That is why Susan had to pay for them out-of-pocket. Susan asked the hospital to pay for contraceptives, because it covered other prescription drugs and preventative care. When the hospital refused, she got in touch with the National Women’s Law Center, Washington, D.C. NWLC attorneys immediately informed the hospital administration that these actions were illegal under Federal and state laws against sex discrimination in employment. As a result Lenox Hill authorities gave up.
Apart from the Federal and state laws against sex discrimination in the workplace, 20 other states have introduced legislation forcing insurance companies to pay for prescription contraceptives if they do so with other prescription drugs. NWLC has issued the guide, “Contraceptive Equity Laws in Your State: Know Your Rights-Use Your Rights” to make it easier for women to use these insurance laws to get coverage for prescription contraceptives.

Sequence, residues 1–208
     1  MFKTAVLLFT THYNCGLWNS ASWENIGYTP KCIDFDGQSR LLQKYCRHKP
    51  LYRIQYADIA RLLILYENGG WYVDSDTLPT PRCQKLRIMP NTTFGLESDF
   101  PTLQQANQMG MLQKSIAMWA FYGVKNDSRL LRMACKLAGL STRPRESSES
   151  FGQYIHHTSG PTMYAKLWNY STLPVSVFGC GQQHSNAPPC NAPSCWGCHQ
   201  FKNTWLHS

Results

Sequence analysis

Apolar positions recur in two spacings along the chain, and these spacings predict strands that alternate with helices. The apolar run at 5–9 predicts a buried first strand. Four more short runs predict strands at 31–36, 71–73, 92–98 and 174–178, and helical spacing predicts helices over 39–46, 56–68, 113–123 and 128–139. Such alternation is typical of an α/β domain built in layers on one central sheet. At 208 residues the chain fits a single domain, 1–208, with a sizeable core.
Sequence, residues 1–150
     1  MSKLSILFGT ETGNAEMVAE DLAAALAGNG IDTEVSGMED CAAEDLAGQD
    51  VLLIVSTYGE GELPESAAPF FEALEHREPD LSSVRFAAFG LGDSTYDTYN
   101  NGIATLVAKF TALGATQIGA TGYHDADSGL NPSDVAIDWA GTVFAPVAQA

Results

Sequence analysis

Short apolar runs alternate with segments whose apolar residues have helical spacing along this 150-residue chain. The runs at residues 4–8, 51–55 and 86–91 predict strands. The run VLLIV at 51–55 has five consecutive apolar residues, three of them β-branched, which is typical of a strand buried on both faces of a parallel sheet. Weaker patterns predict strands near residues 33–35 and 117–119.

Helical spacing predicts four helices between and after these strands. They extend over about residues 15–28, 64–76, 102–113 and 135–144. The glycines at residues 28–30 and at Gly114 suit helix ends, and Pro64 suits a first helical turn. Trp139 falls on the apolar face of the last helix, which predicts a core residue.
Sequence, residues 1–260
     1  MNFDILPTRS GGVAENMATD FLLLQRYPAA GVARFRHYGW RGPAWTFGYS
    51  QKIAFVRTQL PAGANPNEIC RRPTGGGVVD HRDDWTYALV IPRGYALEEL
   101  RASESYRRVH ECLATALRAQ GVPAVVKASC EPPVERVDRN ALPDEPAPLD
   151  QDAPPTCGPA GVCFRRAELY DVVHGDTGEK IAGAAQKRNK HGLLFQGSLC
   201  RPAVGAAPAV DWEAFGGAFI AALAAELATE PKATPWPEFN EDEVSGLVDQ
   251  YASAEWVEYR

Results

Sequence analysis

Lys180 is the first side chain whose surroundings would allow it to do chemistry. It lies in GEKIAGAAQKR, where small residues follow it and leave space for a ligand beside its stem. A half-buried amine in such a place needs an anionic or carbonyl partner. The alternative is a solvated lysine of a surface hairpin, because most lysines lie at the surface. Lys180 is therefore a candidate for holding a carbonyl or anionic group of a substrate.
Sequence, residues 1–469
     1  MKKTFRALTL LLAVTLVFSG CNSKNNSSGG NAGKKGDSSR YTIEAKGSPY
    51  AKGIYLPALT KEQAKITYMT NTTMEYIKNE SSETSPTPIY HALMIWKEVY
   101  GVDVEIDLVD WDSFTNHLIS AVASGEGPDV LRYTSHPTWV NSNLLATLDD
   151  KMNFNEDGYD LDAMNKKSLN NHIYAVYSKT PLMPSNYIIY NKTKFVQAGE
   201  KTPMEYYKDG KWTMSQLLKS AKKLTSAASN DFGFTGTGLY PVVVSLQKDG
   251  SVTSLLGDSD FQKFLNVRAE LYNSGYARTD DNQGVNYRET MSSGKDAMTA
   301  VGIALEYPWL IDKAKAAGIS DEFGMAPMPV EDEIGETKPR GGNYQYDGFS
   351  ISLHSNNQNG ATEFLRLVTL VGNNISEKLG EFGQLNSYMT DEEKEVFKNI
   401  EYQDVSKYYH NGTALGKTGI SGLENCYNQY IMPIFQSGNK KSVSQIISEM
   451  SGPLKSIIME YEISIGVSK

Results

The guide provides a summary of the crucial clauses concerning the contraceptive equity laws, procedures for filing a complaint if your insurance company does not cover Birth control, contact information for state insurance departments, and complaint forms. “Access to contraception is a central part of women’s health care. It’s absolutely essential for women to know that there are new laws to help them get insurance coverage for prescription contraceptives-and that we are here to help them understand and exercise their rights,” claims Judith C. Applebaum, NWLC vice president and legal director.